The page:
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## Balancing a Triangle

15 Oct

On the first two days of our Tools of Geometry unit, we talked about perpendicular bisectors and angle bisectors in the context of a task from Illustrative Mathematics. On the third day, we talked about medians and altitudes, absent of a context, except to call the centroid of a triangle its balancing point.

We did emphasize two Mathematical Practices.

1. Attend to precision.

I showed students the definition of a median and asked them to sketch one on paper:

A median of a triangle is a segment that goes from a vertex to the midpoint of the opposite side.

Do you know how many students would prefer that we just show them a median instead of having them make sense of the definition? We are getting good at waiting.

Then I had them construct a median using dynamic geometry software. Of course several students went on and constructed all three, because they predicted that the medians are concurrent at a point.

2. Look for regularity in repeated reasoning.

Is the location of the centroid significant?

I sent a Quick Poll to see what students predicted about the location (the diagram is on the left side of the picture).

16 of the 30 were correct – and while I have the correct answer showing now, I didn’t show the students the correct answer.

We used our dynamic geometry software to explore the measurements. Students observed the measurements and predicted the relationship.

Then without confirming our conjectures, I sent the poll again. This time 21 (22 if you count the last submission) were correct. I still didn’t show them the correct answer.

The document was set up for automatic data collection. While students were moving the points of the triangle, the spreadsheet on the next page was filling up with data. Someone stated a conjecture. We tested the conjecture in the spreadsheet using a formula.

2*CD=XC

3*CD=XD

(2/3)*XD=XC

Then I sent a different poll to assess student understanding. We were up to 24 correct. What question did the students who got 12 answer? An opportunity to both construct a viable argument and critique the reasoning of others. An opportunity to learn from our mistakes.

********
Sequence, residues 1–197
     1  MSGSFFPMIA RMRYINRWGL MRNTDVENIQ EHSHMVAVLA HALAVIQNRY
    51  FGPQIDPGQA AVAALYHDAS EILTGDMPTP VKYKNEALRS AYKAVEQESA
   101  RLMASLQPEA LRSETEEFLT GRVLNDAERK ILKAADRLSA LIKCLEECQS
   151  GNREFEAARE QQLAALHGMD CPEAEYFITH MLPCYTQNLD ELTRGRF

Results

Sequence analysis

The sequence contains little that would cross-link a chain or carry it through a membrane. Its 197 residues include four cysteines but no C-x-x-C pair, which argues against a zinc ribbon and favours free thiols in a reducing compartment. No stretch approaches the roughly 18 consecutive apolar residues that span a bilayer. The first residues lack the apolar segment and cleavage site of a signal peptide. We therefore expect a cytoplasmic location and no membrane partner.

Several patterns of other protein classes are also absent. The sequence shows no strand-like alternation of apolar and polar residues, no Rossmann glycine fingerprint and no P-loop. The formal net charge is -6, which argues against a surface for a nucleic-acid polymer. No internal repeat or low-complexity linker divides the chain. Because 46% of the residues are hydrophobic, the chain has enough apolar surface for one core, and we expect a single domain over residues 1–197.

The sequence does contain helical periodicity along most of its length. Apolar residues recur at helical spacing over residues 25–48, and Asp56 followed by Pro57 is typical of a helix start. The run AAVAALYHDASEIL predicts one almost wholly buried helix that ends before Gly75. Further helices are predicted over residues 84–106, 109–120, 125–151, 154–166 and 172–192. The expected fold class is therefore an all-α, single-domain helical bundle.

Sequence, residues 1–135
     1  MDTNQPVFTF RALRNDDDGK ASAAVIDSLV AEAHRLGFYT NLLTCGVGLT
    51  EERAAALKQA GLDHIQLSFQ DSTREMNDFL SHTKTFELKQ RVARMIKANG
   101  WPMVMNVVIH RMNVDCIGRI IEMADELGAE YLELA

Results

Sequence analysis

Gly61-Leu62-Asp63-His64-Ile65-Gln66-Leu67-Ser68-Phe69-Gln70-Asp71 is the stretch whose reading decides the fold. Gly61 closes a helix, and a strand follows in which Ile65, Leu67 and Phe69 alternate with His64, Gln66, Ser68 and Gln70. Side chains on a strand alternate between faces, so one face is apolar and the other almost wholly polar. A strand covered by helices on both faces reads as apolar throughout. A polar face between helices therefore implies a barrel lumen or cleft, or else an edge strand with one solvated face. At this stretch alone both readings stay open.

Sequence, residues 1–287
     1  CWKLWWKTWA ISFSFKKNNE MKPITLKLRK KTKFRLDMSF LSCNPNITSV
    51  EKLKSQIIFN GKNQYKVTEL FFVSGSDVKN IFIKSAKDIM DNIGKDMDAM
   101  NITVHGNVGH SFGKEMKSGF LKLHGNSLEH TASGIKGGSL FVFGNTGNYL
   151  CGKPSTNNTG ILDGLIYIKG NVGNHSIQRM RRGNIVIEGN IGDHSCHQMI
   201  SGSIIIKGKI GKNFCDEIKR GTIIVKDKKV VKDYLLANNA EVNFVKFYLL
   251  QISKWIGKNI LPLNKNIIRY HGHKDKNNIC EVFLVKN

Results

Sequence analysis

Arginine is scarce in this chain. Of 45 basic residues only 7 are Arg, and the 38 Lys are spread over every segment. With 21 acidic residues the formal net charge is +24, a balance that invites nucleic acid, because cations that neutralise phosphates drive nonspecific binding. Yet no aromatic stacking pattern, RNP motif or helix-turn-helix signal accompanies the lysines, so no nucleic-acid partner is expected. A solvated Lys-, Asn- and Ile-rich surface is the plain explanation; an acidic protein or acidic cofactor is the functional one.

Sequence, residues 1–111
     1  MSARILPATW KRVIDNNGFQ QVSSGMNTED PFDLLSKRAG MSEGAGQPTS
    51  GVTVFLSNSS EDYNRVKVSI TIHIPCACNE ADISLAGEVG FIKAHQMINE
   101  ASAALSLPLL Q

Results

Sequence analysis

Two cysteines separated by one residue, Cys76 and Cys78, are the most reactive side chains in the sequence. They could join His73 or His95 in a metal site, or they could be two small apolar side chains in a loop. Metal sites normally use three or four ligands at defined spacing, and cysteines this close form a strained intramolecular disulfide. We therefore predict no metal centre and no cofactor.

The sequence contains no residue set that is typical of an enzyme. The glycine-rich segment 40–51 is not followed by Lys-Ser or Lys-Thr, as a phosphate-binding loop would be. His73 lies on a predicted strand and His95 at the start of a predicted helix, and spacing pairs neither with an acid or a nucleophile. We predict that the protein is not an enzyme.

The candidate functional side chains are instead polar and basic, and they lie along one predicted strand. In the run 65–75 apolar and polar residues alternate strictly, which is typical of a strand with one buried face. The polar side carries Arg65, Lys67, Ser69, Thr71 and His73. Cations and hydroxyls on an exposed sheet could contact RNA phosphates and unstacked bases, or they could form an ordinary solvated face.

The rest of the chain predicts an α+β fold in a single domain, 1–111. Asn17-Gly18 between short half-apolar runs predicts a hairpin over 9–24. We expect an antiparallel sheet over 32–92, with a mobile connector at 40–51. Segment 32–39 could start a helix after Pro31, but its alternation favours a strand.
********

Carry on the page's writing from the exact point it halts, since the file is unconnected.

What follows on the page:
We have yet to actually prove that the medians meet at a point. One proof of this assumes information about midsegments (which we will prove later). Another proof of this uses coordinate geometry (which we will get to later). So for now, we have observed that the medians meet at a point, and we know how that point partitions each median.

After medians, we spent some time on altitudes.

I gave them the definition and had them draw one on paper.

Then we constructed an altitude using technology.

Then we figured out whether the location of the orthocenter could give us information about the type of triangle.

Then we worked a problem involving an altitude.

Then we used technology to explore a triangle with all four special segments drawn from one vertex. Can you deduce which segment is which? How?

For what kind of triangle are all four special segments the same triangle? Equilateral. How do you know?

We used the angle measurement tool. Is the triangle equilateral? No. How do you know?

What would happen if the triangle is equilateral? How do you know?

Note: I used the Geometry Nspired Special Segments in Triangles as a guide for this lesson.

Was this lesson important?

I haven’t figured that out yet. I do know that I don’t want to waste my students’ time.

And so the journey continues …

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